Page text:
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Free Speech for All, Or Just for NOM?

Rob Tisinai

September 16th, 2010

The National Organization for Marriage recently spread a warning that gays want to “discourage or criminalize the expression of certain Catholic beliefs as ‘hate speech.’”

It’s a favorite tactic of the far right in their war against hate crime laws and marriage equality — this fear that it could be soon be illegal to profess simple religious beliefs (about sinful and hellbound gays). They support this by citing cases from outside the US, conveniently ignoring America’s First Amendment.

Now, though, we have a chance to test NOM’s commitment to freedom of expression. The UK has banned an ad because it mocks Roman Catholic beliefs (the faith in which I was raised and the faith of many NOMmers, including Maggie herself). Will NOM speak out against this tyranny?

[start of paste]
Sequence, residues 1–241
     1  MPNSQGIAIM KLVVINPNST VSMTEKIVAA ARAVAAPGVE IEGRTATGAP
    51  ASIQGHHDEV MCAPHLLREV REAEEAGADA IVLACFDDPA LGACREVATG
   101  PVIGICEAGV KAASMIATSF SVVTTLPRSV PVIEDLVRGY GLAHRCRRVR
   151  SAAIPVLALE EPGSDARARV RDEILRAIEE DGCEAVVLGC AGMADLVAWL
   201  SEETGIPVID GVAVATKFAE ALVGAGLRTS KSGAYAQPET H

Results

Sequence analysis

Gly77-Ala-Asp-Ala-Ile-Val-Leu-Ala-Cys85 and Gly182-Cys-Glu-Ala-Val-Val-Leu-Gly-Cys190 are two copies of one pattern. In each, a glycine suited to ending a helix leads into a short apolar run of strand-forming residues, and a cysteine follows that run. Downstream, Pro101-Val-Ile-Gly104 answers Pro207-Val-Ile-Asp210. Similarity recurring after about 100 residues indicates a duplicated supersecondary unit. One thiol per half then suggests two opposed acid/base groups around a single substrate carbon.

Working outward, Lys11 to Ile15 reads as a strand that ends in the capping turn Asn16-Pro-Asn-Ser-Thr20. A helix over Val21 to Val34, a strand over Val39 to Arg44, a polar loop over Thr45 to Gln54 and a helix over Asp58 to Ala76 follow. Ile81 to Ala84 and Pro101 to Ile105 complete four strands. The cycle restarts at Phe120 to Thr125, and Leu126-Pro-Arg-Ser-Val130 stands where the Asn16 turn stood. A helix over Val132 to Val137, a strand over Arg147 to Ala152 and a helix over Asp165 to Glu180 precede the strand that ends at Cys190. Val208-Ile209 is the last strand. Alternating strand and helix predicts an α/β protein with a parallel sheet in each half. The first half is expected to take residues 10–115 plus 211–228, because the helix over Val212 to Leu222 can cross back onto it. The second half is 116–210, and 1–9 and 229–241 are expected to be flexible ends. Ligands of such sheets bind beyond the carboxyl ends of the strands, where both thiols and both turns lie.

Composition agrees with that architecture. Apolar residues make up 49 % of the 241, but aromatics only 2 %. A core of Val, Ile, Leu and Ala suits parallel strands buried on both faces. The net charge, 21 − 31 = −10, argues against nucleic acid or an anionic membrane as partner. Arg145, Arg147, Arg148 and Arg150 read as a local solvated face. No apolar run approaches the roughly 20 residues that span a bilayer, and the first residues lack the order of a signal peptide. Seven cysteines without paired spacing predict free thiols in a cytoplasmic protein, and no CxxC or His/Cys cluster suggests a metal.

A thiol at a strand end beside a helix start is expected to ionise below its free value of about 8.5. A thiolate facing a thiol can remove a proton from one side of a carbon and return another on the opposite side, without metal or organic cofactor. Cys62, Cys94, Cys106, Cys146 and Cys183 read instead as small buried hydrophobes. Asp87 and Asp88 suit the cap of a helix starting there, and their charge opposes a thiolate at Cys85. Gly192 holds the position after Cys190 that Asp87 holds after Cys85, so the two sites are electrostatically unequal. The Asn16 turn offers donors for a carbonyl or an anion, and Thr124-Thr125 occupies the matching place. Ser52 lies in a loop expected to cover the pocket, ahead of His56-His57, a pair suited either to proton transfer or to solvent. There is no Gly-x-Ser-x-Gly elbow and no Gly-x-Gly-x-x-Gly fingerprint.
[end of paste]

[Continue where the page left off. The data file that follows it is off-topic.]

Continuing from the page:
An ice cream company banned from using an advert displaying a pregnant nun has vowed to position similar posters in London in time for the Pope’s visit.

Antonio Federici’s advert showed a pregnant nun eating ice cream in a church, together with the strap line “immaculately conceived”.

The Advertising Standards Authority has ordered it to be discontinued, saying it mocked Roman Catholic beliefs.

As it happens, I oppose hate speech laws and have decried their use in other countries. My question is: Will NOM show the same consistency? Will they stand up for the right of people to say offensive things about gays and about Catholics (and about gay Catholics, for that matter)? Are they fighting for everyone’s freedom of speech and religion — or only freedom for anti-gays?